For Money will be like dross: A replica instruction for the August Nordenskiöld alchemy furnace, (2012), Goldin+Senneby offer instructions and a licence to replicate an alchemical furnace first developed by Swedish mineralogist August Nordenskiöld, who in 1780 was secretly employed by the King of Sweden to pursue alchemical research. However Nordenskiöld himself was a utopian idealist whose ultimate goal was to make gold worthless and thereby abolish the “tyranny of money”. For Nordenskiöld, an economy based on money created a disparity between labour and capital, a disparity comparable to the relationship between reality and illusion.
Anja Kirschner and David Panos' video installation Ultimate Substance, (2012) examines the current Greek economic crisis by revisiting ancient myths and looking at how the introduction of coinage affected the emergence of abstract mathematical and philosophical knowledge.
Christodoulos Panayiotou presents a series of photographs selected from the Press and Information Office in Nicosia. The works excavate the rituals and ceremonies that underline the construction of a national narrative and the constitution of Cyprus as a modern nation state following independence from Britain. Operation Serenade (2010) is part of a series of rolled carpets sourced from major Hollywood award ceremonies. The title alludes to the official codename for the 2004 funeral of American President Ronald Reagan who, before becoming a politician, was a celebrated actor in Hollywood. The artist’s presentation of carpets rolled up and not unfurled withholds our access to the aura of celebrity that they imply.
At a time of uncharted and complex political transition in Egypt, the selected and newly commissioned works question the legacy of outmoded systems of beliefs and mythological principles within the modern state, pointing to the slippage between the prescriptive intent and the idiosyncratic manifestations of stately power. They chart the potential of alternative aggregations, and explore the possibility of resistance by thinking laterally and looking at unorthodox places.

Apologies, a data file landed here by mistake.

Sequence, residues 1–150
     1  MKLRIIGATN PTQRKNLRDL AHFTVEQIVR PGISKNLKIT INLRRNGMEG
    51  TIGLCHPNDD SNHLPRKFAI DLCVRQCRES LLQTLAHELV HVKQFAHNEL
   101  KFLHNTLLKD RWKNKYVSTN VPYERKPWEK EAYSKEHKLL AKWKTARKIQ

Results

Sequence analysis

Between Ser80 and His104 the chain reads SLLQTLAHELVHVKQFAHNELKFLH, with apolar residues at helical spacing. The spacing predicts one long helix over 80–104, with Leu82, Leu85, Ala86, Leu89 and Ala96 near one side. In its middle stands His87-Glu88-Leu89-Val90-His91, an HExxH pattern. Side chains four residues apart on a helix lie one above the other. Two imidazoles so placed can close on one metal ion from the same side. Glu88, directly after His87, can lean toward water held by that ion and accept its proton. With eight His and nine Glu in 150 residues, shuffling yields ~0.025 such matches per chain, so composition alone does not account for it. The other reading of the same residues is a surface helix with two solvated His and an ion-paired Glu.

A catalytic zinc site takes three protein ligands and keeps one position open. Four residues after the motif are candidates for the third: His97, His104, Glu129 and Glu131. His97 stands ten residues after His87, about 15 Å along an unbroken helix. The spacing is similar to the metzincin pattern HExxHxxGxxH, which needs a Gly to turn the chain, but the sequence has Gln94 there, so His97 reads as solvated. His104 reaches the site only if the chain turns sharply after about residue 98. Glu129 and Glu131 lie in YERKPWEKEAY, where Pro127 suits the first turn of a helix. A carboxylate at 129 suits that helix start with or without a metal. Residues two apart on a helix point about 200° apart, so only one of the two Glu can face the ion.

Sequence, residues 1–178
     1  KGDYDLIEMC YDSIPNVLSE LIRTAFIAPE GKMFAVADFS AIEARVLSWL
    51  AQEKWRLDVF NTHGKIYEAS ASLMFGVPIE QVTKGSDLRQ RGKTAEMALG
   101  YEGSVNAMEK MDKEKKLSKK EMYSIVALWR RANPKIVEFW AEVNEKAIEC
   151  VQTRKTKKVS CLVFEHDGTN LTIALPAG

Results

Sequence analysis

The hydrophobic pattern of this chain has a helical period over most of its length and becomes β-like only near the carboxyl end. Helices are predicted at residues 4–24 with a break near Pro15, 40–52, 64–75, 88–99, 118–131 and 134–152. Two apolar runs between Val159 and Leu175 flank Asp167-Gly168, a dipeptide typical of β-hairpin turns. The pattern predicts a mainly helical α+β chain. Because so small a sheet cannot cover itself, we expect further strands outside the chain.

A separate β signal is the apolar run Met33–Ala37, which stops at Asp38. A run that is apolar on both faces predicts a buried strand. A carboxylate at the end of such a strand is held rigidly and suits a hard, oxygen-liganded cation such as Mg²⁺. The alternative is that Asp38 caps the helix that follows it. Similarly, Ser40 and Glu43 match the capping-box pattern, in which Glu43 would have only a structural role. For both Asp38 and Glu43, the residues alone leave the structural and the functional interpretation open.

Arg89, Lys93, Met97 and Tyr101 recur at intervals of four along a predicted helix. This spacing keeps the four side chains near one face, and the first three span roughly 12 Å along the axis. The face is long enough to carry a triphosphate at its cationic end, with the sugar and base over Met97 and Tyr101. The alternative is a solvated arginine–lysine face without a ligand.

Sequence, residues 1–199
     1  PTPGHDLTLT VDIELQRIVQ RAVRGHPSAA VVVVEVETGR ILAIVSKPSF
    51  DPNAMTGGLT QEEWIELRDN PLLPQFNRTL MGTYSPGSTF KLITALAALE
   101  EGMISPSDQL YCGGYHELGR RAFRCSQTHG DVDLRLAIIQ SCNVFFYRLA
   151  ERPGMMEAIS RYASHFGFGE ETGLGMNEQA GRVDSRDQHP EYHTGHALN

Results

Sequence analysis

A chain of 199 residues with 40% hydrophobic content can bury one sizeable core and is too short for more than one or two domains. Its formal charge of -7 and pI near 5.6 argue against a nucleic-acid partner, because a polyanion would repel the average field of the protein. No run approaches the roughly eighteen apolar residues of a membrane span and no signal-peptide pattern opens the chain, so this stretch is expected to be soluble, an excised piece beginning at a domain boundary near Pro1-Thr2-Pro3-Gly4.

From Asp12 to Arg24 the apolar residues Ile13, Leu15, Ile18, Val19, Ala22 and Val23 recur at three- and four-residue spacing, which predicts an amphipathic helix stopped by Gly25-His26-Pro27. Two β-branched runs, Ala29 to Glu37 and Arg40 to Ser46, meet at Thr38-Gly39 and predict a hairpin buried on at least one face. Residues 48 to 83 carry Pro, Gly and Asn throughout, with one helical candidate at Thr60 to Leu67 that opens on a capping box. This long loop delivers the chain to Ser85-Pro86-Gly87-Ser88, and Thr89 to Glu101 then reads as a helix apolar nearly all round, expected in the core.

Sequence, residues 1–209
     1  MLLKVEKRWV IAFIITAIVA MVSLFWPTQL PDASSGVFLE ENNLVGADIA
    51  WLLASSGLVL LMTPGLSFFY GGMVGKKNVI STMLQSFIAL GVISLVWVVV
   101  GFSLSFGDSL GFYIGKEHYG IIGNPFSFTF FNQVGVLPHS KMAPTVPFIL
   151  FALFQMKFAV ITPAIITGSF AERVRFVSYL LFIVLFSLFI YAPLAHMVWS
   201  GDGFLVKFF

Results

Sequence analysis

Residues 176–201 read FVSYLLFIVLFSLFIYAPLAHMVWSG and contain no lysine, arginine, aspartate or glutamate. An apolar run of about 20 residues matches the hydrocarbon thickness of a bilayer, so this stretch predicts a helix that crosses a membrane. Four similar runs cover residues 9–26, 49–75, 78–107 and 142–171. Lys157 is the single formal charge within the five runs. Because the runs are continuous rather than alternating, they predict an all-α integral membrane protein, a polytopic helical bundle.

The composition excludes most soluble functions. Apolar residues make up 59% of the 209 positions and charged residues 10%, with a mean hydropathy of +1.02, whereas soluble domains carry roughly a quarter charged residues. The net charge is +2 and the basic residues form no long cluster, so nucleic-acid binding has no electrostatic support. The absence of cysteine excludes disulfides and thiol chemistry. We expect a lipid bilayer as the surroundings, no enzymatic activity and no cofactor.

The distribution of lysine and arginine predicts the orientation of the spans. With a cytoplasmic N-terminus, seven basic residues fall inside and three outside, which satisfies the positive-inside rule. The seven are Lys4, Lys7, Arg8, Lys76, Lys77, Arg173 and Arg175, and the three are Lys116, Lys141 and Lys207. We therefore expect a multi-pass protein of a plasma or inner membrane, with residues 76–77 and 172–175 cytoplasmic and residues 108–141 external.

A compendium on art, magic and politics, featuring essays, fiction and true stories in both English and Arabic, will follow the exhibition, with contributions by Jonathan Allen, Will Bradley, Michael Taussig, a telephone conversation between Peter Lamborn Wilson and Evan Calder Williams, and others.
About the artists
Ryan Gander was born in 1976 in Chester and lives and works between London and Suffolk. When looking for a definition of Ryan Gander's work one has to surrender to its multifaceted nature and the apparent incongruity of its formal manifestations. Emblematic of his method of working is the lecture series Loose Associations, begun in 2002, for which the artist weaves a web of facts and fictions, mixing autobiographical anecdotes with shared cultural and art historical references. Underlying Gander's linguistic and formal play are tactics of illusion and deception in which the viewer is complicit in fostering a multiplication of meanings.
Goldin+Senneby is a framework for collaboration set up by artists Simon Goldin (b. 1981) and Jakob Senneby (b. 1971) since 2004. They explore juridical, financial and spatial constructs through notions of the performative and the virtual. In their body of work known as Headless (2007 -), they approach the sphere of offshore finance, and its production of virtual space through legal code. Looking at strategies of withdrawal and secrecy, they trace an offshore company on the Bahamas called Headless Ltd, while a ghostwritten detective novel narrates their investigations. Since 2010 their work has focused on The Nordenskiöld Model, an experiment in theatrical finance, in which they attempt to (re)enact the anarcho-alchemical scheme of 18th- Century alchemist August Nordenskiöld on the financial markets of today. www.goldinsenneby.com